The bureau is the most tangible representation of this regulatory moment, and it has never known a day in which it was not at the center of a political firestorm. Unprecedented commitment to customer protection animates the regulatory world and is pressuring the economic structure of retail credit markets. By now, major financial institutions have all experienced the effects of a race to the top in consumer protection.

Cordray’s confirmation may go some way to convince the CFPB’s foes that their energies might be better spent on constructive engagement to shape bureau’s work, rather than on continued objection to its existence. For its part, the CFPB has the opportunity to prepare for its greatest long-term challenge: performing effective oversight of consumer finance markets when the regulatory paradigm shifts once again and consumer protection is no longer at or near the top of every financial regulator’s agenda.

Yours truly,

P-R Stark
Senior Principal
prstark@promontory.com
+1 202 370 0392

P-R Stark
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Regulators Testify on Debt Collection; CFPB Begins Taking Complaints

Corey Stone, an assistant director at the CFPB, testified July 17 before the Senate Banking Committee on debt collection. “When one excludes mortgages and auto loans, debt issued by financial institutions no longer represents the largest focus of debt collection activity in our country, either by dollar amount or number of consumers affected,” he said. “This has been surpassed by medical debt.” The Office of the Comptroller of the Currency and the Federal Trade Commission both provided statements to the committee. “When banks sell debt, the agency expects them to have policies, procedures, and practices that result in the third party treating customers fairly and consistently with the expectations of the banks and regulators,” said the OCC’s statement. FTC associate director James Reilly Dolan summarized recent FTC enforcement actions in his testimony.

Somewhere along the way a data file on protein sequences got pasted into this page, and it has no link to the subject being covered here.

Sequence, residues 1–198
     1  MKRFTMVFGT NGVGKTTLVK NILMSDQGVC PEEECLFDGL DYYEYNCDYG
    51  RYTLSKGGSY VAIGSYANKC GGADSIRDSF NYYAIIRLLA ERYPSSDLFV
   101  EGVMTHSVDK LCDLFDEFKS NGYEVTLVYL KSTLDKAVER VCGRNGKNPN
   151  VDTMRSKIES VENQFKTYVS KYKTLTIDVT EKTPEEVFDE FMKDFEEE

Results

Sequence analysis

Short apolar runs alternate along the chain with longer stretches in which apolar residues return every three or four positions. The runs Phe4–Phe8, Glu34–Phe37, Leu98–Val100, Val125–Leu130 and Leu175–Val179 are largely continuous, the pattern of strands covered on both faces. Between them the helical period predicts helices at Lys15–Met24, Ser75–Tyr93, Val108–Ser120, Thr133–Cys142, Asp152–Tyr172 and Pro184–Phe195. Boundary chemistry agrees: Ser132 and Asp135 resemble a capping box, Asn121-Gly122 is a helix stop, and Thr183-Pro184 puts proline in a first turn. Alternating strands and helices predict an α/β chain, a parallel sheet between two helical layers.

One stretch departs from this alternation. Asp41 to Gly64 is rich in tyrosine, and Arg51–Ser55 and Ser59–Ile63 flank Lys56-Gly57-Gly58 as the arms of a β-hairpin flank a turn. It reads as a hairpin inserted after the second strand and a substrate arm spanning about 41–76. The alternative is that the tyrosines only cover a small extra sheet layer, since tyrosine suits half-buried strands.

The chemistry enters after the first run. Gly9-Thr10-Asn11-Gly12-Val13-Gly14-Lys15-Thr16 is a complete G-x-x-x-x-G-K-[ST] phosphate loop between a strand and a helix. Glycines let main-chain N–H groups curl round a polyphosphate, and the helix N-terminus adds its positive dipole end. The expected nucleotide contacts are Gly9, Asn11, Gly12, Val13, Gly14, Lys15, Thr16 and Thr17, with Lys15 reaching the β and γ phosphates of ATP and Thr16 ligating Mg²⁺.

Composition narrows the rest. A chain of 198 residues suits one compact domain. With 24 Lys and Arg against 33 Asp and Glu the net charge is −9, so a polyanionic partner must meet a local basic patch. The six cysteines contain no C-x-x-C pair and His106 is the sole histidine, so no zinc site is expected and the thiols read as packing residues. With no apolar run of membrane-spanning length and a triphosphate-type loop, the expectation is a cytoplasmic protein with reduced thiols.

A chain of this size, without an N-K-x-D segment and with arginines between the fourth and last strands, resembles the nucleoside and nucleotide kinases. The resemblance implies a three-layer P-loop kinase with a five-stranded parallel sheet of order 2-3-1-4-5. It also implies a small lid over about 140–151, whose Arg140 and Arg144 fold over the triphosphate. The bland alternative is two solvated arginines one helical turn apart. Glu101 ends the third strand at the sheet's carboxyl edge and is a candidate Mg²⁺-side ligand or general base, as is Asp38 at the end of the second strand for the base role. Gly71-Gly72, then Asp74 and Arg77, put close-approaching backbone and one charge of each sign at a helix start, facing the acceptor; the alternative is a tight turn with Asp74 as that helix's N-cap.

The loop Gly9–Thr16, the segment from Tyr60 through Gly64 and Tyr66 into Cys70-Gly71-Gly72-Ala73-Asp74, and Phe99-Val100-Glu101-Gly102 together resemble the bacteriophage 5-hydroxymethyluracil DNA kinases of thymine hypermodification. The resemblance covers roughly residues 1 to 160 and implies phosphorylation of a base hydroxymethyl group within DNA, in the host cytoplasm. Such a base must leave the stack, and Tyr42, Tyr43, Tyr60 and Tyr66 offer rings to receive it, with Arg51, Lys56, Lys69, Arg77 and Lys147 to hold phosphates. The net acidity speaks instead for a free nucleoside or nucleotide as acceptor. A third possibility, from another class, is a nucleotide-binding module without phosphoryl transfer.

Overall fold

The CFPB announced in a July 10 press release that it is now taking debt-collection complaints, and released a bulletin outlining potentially unfair, deceptive, or abusive acts or practices; a separate bulletin on debt collectors discussing consumers’ credit; and five action letters for consumers to use when corresponding with debt collectors. The bureau also posted a transcript of Director Cordray’s remarks at the Portland debt-collection field hearing. “Our supervision authority extends to about 175 debt collectors and debt buyers, which account for over 60 percent of the consumer debt collection industry as measured by annual receipts,” he said. “Through our examinations, we are now in a position to evaluate whether federal consumer laws are being followed at every stage of the process — from credit origination to debt collection.”

Debt Collectors Settle with FTC

The FTC said July 22 that it reached a partial settlement with AMG Services, a payday lender that the FTC said had threatened consumers during debt-collection calls and violated the Electronic Fund Transfer Act. The commission said in a press release that it is still litigating other charges against AMG, including allegations the firm “deceived consumers about the cost of their loans by charging undisclosed charges and inflated fees.” The release also noted a recent decision by United States Magistrate Judge V. Cam Ferenbach finding that payday lenders affiliated with American Indian tribes must still comply with federal laws. One of the AMG defendants had argued that the FTC lacked authority to enforce the Federal Trade Commission Act, the Truth in Lending Act, and the EFTA against tribes and tribal businesses.

The FTC announced July 9 that it reached a settlement agreement with the world’s largest debt-collection operation, Expert Global Solutions, to resolve allegations the firm harassed customers with illegal calls. EGS will pay $3.2 million — the largest civil penalty ever obtained by the FTC against a third-party debt collector, said the agency’s press release.

FTC Settles with “Rachel”